Five things to do in Alicante

Capital of the Costa Blanca, Alicante is a historic city that smells of the sea. From tapas to turrón (almond nougat), and from sandy beaches to monuments... there is much to see in Alicante!
The secrets of Alicante Town Hall
Dating from the 18th century there are many reasons to visit Alicante Town Hall: an obscure sculpture by Salvador Dalí; the zero level from which height above sea level is measured in several Spanish towns; a copy of the Lady of Elche (a 4th century sculpture); several old paintings; and council meeting rooms that guard even more secrets... 
Try the many different kinds of turrón

If you can, then pay a visit to Jijona, about 25km from downtown Alicante. There you can visit the bakeries and museums dedicated to turrón (and discover the difference between the soft and the hard). Even in Alicante you can try this sweet nougat in its traditional form or as an ice cream. Many of the restaurants in Jijona are used to making many different dishes using sweet turrón. And the mixture of the savory with the sweet... is divine!

Discover downtown, the monuments, and museums
Take a stroll through the historic downtown and discover Alicante’s monuments and museums. The 14th century Basilica of Santa Maria, the oldest church in the city, is well worth a visit. The Concatedral de San Nicolás (dating from the early 17th century) is another place that is worth the effort while strolling through the picturesque historic downtown.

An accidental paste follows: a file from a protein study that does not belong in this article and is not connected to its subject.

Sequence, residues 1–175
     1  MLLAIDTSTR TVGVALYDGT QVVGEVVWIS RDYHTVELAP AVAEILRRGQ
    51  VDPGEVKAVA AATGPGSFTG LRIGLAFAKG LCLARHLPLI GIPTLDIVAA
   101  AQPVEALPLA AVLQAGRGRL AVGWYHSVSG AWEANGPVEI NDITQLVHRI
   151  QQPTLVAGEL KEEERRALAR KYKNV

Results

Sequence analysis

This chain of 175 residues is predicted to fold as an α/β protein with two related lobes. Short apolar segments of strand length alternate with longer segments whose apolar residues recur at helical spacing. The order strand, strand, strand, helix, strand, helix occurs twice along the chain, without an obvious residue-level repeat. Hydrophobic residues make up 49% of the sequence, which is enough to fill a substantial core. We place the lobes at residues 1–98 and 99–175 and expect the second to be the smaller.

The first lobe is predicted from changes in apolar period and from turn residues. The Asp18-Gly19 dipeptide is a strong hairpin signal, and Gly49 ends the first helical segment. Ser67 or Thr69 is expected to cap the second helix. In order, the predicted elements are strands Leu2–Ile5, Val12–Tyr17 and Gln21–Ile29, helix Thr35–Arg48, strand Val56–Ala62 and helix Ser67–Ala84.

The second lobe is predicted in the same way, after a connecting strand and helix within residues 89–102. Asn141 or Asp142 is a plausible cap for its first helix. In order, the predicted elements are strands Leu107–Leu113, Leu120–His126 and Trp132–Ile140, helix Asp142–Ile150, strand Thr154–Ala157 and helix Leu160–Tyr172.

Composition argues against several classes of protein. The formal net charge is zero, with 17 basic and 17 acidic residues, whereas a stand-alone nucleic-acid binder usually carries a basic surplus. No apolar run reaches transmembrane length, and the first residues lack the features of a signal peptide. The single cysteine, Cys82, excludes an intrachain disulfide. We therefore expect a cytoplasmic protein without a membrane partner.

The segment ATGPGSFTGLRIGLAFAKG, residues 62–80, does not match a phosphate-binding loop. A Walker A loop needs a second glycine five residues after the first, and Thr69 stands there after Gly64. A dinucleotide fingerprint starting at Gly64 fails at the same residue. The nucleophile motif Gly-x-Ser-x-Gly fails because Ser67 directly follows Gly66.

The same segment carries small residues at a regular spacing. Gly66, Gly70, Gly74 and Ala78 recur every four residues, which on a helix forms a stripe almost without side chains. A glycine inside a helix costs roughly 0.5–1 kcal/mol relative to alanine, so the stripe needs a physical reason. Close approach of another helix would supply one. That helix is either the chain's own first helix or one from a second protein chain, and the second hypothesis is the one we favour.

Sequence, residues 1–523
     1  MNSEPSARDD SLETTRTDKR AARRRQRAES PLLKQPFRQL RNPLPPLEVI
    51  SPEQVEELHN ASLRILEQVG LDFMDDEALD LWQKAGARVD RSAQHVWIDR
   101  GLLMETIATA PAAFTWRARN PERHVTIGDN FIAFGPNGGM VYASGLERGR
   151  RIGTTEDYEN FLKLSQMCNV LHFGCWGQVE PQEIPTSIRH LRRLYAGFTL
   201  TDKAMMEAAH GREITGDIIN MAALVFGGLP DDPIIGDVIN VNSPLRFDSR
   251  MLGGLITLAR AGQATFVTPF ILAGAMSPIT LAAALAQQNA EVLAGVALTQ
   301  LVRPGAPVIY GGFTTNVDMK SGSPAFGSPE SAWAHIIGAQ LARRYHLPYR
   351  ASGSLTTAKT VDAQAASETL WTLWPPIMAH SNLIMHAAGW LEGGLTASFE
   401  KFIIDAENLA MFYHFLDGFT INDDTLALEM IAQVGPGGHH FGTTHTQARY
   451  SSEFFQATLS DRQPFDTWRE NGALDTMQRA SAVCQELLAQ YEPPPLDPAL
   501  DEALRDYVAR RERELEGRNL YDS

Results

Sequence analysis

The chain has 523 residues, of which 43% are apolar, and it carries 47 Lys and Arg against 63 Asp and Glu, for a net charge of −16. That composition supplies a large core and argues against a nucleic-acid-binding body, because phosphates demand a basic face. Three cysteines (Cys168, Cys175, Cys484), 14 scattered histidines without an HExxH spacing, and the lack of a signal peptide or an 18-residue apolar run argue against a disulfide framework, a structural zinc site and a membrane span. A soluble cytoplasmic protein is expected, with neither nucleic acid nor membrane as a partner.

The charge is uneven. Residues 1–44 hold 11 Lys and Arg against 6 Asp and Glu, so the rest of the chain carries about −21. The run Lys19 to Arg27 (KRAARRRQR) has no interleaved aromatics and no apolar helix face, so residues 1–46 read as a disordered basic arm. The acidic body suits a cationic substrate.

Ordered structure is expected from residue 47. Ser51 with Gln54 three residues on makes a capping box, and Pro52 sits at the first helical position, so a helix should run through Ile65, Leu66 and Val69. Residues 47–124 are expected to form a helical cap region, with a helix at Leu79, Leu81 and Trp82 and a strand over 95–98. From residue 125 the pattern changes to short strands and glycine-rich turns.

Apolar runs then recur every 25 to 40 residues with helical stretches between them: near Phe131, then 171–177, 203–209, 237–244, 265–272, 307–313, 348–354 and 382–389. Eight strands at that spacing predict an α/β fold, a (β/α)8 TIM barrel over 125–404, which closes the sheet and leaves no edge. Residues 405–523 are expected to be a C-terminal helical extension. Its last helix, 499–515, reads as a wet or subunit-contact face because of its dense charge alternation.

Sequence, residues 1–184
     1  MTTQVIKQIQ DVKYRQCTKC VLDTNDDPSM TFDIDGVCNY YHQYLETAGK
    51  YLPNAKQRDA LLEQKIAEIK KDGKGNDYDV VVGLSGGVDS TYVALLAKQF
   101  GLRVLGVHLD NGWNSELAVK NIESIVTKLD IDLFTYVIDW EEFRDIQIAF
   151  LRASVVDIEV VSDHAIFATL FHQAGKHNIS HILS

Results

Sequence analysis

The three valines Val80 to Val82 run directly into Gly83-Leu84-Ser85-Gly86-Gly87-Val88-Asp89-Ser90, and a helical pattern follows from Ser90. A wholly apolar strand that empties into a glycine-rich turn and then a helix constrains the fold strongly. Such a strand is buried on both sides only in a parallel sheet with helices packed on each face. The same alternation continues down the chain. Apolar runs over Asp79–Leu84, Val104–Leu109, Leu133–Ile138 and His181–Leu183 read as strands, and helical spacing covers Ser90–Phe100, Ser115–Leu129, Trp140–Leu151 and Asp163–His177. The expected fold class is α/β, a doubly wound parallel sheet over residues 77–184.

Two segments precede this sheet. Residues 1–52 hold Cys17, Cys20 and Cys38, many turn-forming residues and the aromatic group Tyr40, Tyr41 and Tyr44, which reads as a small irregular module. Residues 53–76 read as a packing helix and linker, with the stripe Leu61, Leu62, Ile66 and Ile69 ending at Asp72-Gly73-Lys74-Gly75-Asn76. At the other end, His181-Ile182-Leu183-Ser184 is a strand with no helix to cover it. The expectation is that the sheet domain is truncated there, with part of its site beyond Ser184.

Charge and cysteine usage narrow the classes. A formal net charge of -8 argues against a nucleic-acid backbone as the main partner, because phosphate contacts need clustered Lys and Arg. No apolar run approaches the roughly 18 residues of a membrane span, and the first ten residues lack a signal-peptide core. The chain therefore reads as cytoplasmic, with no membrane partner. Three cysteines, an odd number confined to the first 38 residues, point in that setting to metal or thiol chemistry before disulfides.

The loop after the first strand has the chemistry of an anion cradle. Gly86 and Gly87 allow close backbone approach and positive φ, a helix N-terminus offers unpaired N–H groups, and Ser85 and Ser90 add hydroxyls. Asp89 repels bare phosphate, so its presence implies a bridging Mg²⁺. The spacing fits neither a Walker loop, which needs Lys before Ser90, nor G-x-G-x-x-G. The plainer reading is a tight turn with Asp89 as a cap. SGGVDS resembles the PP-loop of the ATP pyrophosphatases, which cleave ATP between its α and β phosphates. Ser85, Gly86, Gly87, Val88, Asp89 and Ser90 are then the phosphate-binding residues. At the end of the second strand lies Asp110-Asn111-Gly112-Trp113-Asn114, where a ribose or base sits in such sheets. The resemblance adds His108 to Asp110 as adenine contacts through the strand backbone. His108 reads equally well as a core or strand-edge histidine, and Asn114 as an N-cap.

Take part in the Alicante festivals
Alicante is usually full of life, but during the festivals the city doesn’t sleep! The San Juan Bonfires in June are the most popular, with thousands of visitors filling the streets until dawn. There are others, including the very popular Holy Week and other Easter festivals. There are many reasons to visit Alicante at any time of the year!
Santa Bárbara Castle
The best place to begin your visit, it offers a panoramic view of the city and almost all of the coast. This 9th century Moorish castle watches over the city from the top of Mount Benacantil, where it used to protect the city. Free entry.
By Susana Ribeiro / Viaje Comigo

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